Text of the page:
Jack Dorsey

Facebook's defining moment

As I wrote about in The importance of an Always Be Learning Life, I go to the TED conference every year and it just wrapped up on April 19. This year was particular poignant and it kicked off with this amazing talk by Carole Cadwalladr, which set the tone for much of the conference. I highly recommend you watch it if you haven’t already before reading further.

Then I was having coffee with someone this week (I’ll keep them anonymous), and they are about to go work at Facebook and having some regrets. You see, around the Thanksgiving table they are now going to be asking this person about why they made that decision instead of them getting high-five’d… because Facebook is really in the arena right now. Their answer isn’t going to be as easy as it used to be. And also this week Facebook just reported an earnings beat, even accounting for a record FTC fine-to-be of at least $3 billion, and once again it stock soared. What’s going on here?

At age 46, he started his first company and it failed miserably… but then, on his second…!

At age 46, he started his first company and it failed miserably… but then, on his second…!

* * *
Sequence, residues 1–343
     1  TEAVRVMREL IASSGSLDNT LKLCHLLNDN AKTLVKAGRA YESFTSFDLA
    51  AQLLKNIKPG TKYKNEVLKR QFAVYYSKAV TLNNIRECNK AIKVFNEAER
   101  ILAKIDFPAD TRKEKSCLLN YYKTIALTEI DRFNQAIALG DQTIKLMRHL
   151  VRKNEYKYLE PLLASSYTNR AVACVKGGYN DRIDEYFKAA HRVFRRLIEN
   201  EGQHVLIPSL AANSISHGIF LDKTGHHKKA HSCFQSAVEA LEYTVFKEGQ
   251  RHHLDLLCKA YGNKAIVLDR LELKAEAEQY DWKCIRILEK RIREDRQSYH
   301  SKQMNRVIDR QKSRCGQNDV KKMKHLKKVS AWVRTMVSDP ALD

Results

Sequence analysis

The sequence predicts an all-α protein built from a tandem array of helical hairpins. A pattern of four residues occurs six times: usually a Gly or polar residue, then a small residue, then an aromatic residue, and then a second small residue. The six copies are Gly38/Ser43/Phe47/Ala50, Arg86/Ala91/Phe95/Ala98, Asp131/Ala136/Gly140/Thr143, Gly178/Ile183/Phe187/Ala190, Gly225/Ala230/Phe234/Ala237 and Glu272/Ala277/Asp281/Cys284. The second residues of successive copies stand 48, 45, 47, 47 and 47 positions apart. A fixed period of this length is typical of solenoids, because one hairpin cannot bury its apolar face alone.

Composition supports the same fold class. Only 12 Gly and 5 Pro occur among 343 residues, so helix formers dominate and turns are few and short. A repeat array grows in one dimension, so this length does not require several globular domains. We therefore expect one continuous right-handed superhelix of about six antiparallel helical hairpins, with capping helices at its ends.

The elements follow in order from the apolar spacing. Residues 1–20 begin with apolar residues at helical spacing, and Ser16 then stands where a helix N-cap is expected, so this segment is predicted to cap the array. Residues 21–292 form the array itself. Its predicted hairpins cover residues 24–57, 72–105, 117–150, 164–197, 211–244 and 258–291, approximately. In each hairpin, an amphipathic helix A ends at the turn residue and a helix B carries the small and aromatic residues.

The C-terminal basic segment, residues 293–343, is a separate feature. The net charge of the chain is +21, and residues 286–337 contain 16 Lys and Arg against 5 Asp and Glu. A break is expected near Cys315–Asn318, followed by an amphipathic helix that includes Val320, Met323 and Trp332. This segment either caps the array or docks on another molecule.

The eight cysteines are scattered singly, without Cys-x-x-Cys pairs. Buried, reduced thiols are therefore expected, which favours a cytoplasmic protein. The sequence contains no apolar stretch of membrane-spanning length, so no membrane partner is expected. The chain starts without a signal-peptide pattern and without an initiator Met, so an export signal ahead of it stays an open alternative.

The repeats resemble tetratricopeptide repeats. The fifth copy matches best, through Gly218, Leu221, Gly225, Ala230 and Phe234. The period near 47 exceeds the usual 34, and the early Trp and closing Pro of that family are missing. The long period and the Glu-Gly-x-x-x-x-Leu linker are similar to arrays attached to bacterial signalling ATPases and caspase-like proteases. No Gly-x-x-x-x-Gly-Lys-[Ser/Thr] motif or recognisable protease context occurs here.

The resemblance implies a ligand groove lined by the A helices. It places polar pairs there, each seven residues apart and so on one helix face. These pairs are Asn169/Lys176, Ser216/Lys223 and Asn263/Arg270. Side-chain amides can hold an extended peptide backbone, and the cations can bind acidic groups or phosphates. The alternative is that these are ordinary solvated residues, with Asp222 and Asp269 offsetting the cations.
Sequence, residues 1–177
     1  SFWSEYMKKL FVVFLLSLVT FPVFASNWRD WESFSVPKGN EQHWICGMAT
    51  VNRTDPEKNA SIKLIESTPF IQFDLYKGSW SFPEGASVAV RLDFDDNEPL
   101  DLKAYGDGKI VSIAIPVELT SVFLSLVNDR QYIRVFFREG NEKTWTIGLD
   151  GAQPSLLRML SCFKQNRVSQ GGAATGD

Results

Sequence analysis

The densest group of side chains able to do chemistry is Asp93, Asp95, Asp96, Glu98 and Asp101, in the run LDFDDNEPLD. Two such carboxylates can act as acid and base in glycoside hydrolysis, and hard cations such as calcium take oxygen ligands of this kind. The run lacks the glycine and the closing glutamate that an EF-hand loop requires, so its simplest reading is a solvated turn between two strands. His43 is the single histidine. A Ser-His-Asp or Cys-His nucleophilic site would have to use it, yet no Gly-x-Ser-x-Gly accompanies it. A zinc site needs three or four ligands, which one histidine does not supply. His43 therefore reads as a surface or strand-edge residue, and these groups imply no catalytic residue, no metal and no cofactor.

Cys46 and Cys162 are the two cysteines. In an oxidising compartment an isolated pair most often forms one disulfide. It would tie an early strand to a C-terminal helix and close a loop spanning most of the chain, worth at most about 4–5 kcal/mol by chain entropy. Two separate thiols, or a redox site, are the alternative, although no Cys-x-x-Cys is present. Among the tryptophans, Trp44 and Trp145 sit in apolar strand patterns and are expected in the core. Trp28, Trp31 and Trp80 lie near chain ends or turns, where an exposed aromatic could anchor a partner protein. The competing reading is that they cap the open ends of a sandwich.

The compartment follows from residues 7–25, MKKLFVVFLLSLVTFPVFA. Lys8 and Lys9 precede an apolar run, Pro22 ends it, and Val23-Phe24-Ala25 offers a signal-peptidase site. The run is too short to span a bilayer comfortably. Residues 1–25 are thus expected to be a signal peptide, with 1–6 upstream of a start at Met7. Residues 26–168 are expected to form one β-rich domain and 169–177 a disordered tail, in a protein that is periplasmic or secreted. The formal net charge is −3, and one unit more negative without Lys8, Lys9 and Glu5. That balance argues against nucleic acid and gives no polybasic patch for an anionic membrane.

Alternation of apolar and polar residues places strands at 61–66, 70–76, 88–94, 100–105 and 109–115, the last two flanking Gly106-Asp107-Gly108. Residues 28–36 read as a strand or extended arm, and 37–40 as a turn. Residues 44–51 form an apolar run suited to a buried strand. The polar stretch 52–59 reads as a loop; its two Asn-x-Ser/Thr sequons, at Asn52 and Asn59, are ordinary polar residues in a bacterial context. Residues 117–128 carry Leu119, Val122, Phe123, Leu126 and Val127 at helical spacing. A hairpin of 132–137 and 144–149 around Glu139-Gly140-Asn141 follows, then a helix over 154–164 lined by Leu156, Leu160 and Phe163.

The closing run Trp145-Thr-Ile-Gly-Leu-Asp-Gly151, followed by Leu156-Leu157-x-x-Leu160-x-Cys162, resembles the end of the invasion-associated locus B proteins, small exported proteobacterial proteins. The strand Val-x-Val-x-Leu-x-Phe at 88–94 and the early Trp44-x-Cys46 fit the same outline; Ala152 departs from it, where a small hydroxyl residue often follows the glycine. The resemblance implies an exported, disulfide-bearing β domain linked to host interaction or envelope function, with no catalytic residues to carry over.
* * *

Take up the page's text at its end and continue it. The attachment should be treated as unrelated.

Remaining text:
For all of us Austin fans, I'm talking about Cotter Cunningham, the founder and CEO of RetailMeNot. Last night, Cotter was one of our keynote speakers, along with Mark Cuban, at the University of Texas for Longhorn Startup Demo Day (the event was just fantastic, by the way, and Josh Baer, Ben Dyer, and Bob Metcalfe deserve a huge round of applause for it).

As of today, RetailMeNot is worth $1.33 billion as a public company (it went public in July and just filed for a follow-on offering). It is just four years old - for a value creation of $333 million per year. Who says Austin can't do B2C now? HomeAway is another one of our five tech IPOs in the last five years. It is worth $3.4 billion today as a public company (it went public in 2011). It is just nine years old. Yes, we haven't produced a Facebook or Twitter size outcome - there needs to be a higher volume of failures (entrepreneurial experiements) to do that, but don't forget we did produce a Dell, a National Instruments, and a Whole Foods.